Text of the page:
Sen. Marco Rubio (R-Fla.) takes questions from reporters about the relief effort in Puerto Rico following Hurricane Maria, September 26, 2017 at the U.S. Capitol in Washington, D.C. (Photo: Drew Angerer/Getty Images)
The Florida senator also conceded that corporate tax cuts will not create “dramatic economic growth,” as his colleagues have claimed.
By Jake Johnson / 12.29.2017
Now that the GOP’s $1.5 trillion tax bill has passed both houses of Congress and been signed into law, Sen. Marco Rubio (R-Fla.)—whose vote helped ensure the legislation’s passage—conceded in an interview with the Florida-based outlet News-Press that his party’s deeply unpopular plan “probably” goes “too far” in rewarding some of America’s most profitable corporations.
“If I were king for a day, this tax bill would have looked different,” Rubio said, while insisting that the GOP plan is still “better” than the current tax code. “I thought we probably went too far on [helping] corporations. By and large, you’re going to see a lot of these multinationals buy back shares to drive up the price. Some of them will be forced, because they’re sitting on historic levels of cash, to pay out dividends to shareholders. That isn’t going to create dramatic economic growth.”
Rubio’s remarks sparked immediate outcry, largely because the fact that the GOP bill overwhelmingly favors big business was known to nearly everyone—including President Donald Trump’s closest advisers and corporate CEOs themselves—from the very beginning.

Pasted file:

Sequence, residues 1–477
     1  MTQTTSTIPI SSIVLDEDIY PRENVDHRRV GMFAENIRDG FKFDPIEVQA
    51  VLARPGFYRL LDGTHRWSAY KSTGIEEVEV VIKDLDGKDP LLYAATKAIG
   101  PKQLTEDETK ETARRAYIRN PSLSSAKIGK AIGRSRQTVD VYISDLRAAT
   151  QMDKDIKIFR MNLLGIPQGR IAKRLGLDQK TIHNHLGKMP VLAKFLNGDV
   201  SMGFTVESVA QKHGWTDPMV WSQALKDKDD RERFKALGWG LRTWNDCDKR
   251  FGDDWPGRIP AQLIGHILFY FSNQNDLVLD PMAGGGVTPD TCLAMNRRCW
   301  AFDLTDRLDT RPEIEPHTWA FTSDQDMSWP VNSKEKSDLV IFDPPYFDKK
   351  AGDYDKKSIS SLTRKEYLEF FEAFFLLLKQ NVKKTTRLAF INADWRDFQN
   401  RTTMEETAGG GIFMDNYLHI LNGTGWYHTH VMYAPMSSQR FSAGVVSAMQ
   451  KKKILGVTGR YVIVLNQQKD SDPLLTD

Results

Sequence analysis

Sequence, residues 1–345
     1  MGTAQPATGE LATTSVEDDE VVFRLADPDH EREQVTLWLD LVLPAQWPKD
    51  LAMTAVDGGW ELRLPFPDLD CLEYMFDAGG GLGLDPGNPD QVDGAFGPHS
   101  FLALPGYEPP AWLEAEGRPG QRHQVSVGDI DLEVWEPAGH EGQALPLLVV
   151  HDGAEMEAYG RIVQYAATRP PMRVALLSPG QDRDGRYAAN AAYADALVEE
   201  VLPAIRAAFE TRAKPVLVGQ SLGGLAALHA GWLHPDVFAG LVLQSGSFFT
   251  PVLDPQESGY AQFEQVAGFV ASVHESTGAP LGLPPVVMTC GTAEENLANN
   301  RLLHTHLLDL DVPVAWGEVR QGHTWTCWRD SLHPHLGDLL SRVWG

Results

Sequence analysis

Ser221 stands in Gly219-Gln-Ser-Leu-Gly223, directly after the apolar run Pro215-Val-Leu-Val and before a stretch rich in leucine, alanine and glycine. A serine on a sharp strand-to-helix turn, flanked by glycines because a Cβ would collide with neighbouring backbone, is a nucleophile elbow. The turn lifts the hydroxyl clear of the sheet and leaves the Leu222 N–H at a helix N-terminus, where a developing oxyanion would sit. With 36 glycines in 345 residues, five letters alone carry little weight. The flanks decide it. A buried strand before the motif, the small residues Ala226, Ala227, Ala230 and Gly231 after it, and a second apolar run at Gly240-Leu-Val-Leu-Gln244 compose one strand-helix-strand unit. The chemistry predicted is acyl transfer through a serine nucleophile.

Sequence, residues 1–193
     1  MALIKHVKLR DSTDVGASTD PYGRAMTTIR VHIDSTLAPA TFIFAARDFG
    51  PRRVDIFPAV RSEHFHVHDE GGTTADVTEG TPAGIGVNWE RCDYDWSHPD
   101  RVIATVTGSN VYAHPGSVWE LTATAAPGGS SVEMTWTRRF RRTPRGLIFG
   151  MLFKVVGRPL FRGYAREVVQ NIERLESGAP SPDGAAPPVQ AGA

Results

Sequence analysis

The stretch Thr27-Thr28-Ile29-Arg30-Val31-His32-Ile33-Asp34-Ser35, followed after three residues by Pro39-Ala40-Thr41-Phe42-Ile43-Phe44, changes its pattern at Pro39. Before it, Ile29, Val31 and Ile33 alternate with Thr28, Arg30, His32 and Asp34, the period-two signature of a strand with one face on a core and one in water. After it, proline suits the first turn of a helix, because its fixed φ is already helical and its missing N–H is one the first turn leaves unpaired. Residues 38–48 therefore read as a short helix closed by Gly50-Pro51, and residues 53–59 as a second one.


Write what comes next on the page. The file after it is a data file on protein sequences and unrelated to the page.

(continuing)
Woke Marco Rubio: Corporations – “sitting on historic levels of cash” – will just pay out dividends to shareholders. “That isn’t going to create dramatic economic growth.” YOU THINK? https://t.co/2mBj65NL2b
— Topher Spiro (@TopherSpiro) December 29, 2017
Profiles in Convenient Courage: The Marco Rubio Story. https://t.co/FFJNs4P9if
— Jared Yates Sexton (@JYSexton) December 29, 2017
As Common Dreams reported, Rubio briefly threatened to vote against the Republican plan earlier this month unless it included a larger expansion of the child tax credit, but quickly caved once he was granted a relatively minor concession.
The bill—which reduces the corporate tax rate from 35 percent to 21 percent—ultimately flew through Congress earlier this month, and was signed into law by President Donald Trump last Friday.
Rubio’s concession that the GOP tax bill is a major gift to corporate America—an observation supported by countless analyses—comes just days after Trump exclaimed that “corporations are literally going wild” over the plan’s passage.
While dining at Mar-a-Lago later that night, Trump reportedly told a group of his wealthy friends, “You all just got a lot richer.”